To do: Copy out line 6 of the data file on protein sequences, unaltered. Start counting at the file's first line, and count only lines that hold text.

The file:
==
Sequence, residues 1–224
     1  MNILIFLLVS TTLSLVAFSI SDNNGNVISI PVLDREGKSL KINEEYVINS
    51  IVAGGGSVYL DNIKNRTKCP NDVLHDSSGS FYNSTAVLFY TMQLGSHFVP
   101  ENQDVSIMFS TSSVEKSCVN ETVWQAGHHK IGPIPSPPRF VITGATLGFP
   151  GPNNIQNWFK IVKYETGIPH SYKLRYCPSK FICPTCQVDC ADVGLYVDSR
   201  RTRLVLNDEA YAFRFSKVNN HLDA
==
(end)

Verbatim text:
   201  RTRLVLNDEA YAFRFSKVNN HLDA